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You are here : 3-RX.com > Medical Encyclopedia > Injuries and Wounds > Electrical Injury
      Category : Health Centers > Injuries and Safety

Electrical Injury

Alternate Names : Electrical Shock, High-Voltage Electric Shock

Overview, Causes, & Risk Factors | Symptoms & Signs | Diagnosis & Tests | Prevention & Expectations | Treatment & Monitoring

An electrical injury occurs when the skin or internal organs are exposed to electric current.

What are the causes and risks of the injury?

The human body conducts electricity very well. Direct contact with an electrical current can be fatal. Although the cause of an electrical injury is often obvious, these injuries can be overlooked at the time they occur. Sometimes very severe electrical shocks look minor. Outwardly, the shock may only cause small burns. However, internal damage can be very serious.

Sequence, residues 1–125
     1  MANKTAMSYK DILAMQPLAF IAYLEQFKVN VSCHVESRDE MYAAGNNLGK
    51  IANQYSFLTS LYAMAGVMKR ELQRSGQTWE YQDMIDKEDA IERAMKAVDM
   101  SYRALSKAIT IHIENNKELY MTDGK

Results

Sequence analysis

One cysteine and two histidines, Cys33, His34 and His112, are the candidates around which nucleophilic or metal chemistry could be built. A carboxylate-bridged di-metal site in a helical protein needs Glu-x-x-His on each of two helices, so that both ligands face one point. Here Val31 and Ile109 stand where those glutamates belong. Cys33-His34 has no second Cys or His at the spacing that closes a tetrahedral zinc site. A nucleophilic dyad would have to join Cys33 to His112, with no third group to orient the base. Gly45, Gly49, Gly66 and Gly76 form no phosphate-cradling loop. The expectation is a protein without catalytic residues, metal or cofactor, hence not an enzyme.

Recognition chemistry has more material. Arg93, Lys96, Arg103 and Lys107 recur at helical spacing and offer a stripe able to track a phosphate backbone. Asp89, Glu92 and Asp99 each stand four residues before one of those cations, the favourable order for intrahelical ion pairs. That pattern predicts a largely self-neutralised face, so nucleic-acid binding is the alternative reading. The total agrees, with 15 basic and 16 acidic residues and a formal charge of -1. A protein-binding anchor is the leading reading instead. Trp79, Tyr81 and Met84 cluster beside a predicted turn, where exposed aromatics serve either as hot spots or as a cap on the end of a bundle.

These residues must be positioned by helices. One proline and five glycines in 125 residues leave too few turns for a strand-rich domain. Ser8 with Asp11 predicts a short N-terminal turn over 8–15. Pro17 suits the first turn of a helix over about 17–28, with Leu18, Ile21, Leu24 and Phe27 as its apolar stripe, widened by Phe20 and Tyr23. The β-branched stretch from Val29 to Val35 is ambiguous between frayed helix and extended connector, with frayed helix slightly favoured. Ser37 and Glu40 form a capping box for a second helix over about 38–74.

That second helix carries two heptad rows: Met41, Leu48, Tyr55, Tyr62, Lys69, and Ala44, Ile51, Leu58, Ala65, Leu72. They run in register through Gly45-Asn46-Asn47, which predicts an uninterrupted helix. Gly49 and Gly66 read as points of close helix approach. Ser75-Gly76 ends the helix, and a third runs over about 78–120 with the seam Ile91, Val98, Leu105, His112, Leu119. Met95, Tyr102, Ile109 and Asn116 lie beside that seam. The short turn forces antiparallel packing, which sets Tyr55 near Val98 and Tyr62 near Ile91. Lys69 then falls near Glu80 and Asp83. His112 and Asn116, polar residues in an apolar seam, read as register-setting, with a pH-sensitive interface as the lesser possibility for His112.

The most easily damaged organs are the heart and the brain. Cardiac arrest, which occurs when the heart stops beating, can occur if the beating mechanism of the heart is affected. There can also be significant muscle destruction from the current passing through the body.

Electrical injuries commonly occur when:

  • young children bite or chew on electrical appliances or cords
  • young children poke an object, a finger, or other part of the body into an electrical outlet
  • Anyone may be injured by:

  • accidental contact with exposed parts of electric appliances or wiring
  • electrical flashes from high-voltage power lines
  • electric machines
  • lightning


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    Electrical Injury: Symptoms & Signs

    Author: James Broomfield, MD
    Reviewer: Eileen McLaughlin, RN, BSN
    Date Reviewed: 07/09/01

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